• Breeding interval
    Blanchard’s cricket frogs breed once yearly
  • Breeding season
    Mid- to late May through early July
  • Range number of offspring
    200 to 400 eggs
  • Range time to hatching
    6 to 21 days
  • Average time to independence
    0 minutes
  • Range age at sexual or reproductive maturity (female)
    1 (low) years
  • Range age at sexual or reproductive maturity (male)
    1 (low) years

Blanchard’s cricket frogs provide no parental investment beyond the act of mating. They typically mate in shallow, warm water, where their eggs are naturally protected by aquatic vegetation. (Altig and McDiarmid, 2015; Harding, 2000)

  • Parental Investment
  • no parental involvement


Blanchard’s cricket frogs are estimated to live up to two years in the wild, based on a study of seasonal growth lines in museum specimens. There are no reports of a maximum lifespan in the wild higher than two years, and Blanchard’s cricket frogs are not kept in captivity. (McCallum, et al., 2011)

  • Typical lifespan
    Status: wild
    2 (high) years


Blanchard’s cricket frogs are fairly sedentary, and typically remain close to water. However, they are reported to travel up to 60 m away from bodies of water in rainy conditions. Blanchard’s cricket frogs may move between adjacent bodies of water, but they do not migrate seasonally. Blanchard’s cricket frogs are strictly aquatic as tadpoles, but as adults they move between water and land. Their strong back legs are adapted to natatory and saltatory locomotion. Blanchard’s cricket frogs are active primarily at night, but also on rainy days. They are solitary outside of breeding season.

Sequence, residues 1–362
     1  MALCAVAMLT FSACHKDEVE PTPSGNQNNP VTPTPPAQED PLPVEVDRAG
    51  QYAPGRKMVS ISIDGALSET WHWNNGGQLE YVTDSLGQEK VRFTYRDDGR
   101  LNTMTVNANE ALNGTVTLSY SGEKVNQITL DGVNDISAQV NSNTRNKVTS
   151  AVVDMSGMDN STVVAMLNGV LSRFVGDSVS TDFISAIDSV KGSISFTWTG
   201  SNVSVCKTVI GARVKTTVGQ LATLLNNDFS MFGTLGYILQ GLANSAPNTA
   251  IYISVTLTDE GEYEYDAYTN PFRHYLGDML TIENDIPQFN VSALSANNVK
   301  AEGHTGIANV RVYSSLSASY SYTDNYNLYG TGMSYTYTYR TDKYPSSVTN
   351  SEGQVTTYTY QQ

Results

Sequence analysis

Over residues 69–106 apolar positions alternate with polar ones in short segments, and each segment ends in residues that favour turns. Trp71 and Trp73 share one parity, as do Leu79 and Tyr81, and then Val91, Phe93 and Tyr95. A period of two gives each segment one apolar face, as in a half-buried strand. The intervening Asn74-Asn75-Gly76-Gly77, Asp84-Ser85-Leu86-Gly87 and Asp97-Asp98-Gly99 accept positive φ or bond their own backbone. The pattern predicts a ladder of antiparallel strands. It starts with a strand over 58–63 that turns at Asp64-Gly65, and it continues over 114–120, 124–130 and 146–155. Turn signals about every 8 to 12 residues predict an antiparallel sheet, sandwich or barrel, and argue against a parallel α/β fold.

Blanchard’s cricket frogs communicate vocally with conspecifics and sympatric frog species. During the breeding season, males use specific mating calls to attract females to underground nests and use different, more aggressive calls to deter other males from approaching. Blanchard’s cricket frogs also produce alarm calls and release specific anti-predator chemicals when they are attacked or threatened. Blanchard’s cricket frogs leap onto shore to avoid aquatic predators, or jump into water to avoid terrestrial predators. They typically hide among aquatic vegetation along shorelines to avoid detection. One study recorded vertical leaps over 90 cm and horizontal leaps of nearly 120 cm. (Altig and McDiarmid, 2015; Harding, 2000; Horne, et al., 2014)

Home Range

Exact home range and territory sizes have not been reported for Blanchard’s cricket frogs. However, Blanchard’s cricket frogs that have been captured and released are typically found 8 to 15 m from where they were originally captured. They stay close to water, but may travel up to 60 m away in rainy conditions. Males do not actively defend the mating burrows they dig. (Dodd Jr., 2013)

Communication and Perception

Blanchard’s cricket frogs communicate with conspecifics and other frog species using vocalizations. During breeding season, males produce calls, described as a series of metallic clicks, similar to two pebbles being tapped together. The duration, pitch, and number of notes in a call varies among individuals. Males and occasionally small females will visually display their vocal sacs to attract mates.